In November, the Open Technology Fund announced its new organizational status as an independent non-profit corporation, becoming the first-ever USAGM grantee dedicated to protecting human rights by combating online censorship and advancing Internet freedom worldwide. Also this month, OTF hosted its annual Summit, bringing together a subset of OTF’s actively supported projects, fellows, and service providers for a two-day event that encourages new connections and instigates new collaborations among the Internet freedom community. The OTF team also continued reviewing and responding to the more than 200 concept notes received during the November 1 round, while also accepting applications for the upcoming January 1 round.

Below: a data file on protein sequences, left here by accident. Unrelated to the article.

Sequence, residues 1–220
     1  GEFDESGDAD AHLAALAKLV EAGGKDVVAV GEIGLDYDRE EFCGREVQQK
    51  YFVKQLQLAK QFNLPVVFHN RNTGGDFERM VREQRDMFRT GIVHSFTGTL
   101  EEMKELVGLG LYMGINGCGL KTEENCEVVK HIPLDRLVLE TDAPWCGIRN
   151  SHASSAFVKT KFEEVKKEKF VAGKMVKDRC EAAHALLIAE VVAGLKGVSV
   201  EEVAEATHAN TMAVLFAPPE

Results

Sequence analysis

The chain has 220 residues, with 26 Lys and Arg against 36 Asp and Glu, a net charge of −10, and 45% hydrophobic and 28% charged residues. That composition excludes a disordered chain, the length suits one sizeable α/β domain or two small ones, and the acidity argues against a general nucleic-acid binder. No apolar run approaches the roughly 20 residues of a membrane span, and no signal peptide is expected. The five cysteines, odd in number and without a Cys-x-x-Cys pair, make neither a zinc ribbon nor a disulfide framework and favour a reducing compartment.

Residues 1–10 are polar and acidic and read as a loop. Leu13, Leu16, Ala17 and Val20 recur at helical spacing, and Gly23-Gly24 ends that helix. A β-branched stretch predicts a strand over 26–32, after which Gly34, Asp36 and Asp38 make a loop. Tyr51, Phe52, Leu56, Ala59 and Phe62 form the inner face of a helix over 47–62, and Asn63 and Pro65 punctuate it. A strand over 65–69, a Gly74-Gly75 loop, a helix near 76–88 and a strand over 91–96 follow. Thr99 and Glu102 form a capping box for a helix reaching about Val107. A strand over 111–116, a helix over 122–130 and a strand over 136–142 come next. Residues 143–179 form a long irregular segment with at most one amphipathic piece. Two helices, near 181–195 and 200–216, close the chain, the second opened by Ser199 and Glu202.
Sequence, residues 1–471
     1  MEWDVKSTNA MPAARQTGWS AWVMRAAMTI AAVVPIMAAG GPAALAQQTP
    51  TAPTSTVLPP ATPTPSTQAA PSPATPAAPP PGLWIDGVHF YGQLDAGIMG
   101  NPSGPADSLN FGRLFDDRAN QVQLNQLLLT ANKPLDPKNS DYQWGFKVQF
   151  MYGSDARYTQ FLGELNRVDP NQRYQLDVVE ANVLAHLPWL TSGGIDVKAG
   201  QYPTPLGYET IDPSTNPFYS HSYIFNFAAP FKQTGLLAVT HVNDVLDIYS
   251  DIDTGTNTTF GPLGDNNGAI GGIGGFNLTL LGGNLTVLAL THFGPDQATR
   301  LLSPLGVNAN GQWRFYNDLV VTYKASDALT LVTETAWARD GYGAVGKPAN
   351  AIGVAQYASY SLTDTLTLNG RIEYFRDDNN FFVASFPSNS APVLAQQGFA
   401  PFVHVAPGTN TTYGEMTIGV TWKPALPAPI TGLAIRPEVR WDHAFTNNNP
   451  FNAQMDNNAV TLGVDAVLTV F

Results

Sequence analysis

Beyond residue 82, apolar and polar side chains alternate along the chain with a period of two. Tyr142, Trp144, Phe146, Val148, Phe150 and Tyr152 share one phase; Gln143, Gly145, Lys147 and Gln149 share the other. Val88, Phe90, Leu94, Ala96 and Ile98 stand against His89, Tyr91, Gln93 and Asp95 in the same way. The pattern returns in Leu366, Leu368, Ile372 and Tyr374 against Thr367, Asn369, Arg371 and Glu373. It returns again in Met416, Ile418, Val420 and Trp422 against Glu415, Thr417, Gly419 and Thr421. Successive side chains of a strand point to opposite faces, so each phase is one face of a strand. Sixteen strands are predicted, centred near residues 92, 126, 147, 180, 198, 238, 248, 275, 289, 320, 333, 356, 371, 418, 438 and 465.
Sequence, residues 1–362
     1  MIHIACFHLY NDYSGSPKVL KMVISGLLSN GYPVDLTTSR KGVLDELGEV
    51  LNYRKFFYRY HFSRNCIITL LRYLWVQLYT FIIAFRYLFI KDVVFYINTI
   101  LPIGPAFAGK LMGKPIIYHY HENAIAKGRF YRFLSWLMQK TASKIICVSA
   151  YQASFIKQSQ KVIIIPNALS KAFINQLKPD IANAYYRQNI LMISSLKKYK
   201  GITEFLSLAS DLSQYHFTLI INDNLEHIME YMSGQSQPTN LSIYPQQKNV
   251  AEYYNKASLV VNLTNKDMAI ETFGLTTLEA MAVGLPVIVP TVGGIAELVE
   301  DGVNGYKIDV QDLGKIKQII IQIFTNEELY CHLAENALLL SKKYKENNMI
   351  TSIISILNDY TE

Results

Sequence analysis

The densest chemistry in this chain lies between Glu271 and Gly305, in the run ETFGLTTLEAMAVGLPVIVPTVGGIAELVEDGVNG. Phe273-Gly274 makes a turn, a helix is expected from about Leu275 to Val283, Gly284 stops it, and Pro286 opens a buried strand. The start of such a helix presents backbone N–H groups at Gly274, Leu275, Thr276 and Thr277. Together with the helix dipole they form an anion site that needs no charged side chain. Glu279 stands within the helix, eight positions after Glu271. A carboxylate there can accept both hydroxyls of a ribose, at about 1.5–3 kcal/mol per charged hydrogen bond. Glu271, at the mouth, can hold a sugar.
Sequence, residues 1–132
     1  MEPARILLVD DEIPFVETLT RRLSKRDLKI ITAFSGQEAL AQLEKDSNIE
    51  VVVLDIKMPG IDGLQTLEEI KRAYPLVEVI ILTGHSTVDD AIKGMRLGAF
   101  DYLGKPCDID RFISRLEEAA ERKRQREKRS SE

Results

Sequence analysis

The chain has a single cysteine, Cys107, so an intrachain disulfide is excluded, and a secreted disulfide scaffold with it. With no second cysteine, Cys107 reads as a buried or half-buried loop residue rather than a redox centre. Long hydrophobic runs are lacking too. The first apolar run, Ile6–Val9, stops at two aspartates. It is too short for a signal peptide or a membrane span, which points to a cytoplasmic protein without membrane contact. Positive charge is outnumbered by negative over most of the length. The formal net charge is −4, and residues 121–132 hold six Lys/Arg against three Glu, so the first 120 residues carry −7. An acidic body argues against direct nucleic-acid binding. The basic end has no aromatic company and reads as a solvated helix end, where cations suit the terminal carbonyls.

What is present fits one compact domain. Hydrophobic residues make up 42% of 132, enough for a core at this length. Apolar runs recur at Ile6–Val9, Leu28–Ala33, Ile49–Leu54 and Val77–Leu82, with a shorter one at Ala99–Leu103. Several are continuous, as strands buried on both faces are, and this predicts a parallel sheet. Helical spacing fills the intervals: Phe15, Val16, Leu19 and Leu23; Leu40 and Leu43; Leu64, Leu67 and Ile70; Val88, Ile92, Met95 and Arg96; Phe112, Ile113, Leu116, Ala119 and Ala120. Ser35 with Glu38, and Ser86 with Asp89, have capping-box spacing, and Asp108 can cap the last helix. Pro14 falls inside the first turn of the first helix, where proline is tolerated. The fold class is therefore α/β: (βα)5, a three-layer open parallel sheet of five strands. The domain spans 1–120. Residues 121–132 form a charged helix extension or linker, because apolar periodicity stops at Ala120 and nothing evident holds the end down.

- In collaboration with CAIDA/IODA, the Open Observatory of Network Interference (OONI) released a report on Iran’s recent Internet shutdown, compiling technical measurement data demonstrating the breadth and scale of a largescale communications blackout imposed by the government in the wake of widespread protests. The report shows network-by-network how the global Internet was switched off and made completely inaccessible for several days for nearly all Iranians, with citizens only able to access the country’s national intranet. The below chart, compiled with IODA data, shows when service for each network operator in Iran was cut off:
- Certbot version 1.0 was released, the first non-beta version for the tool that makes it easier for websites to adopt HTTPS encryption through the automated deployment of Let’s Encrypt certificates. To date, more than two million website administrators are using Certbot to encrypt their site traffic and help protect website visitors. Learn more and access the tool here.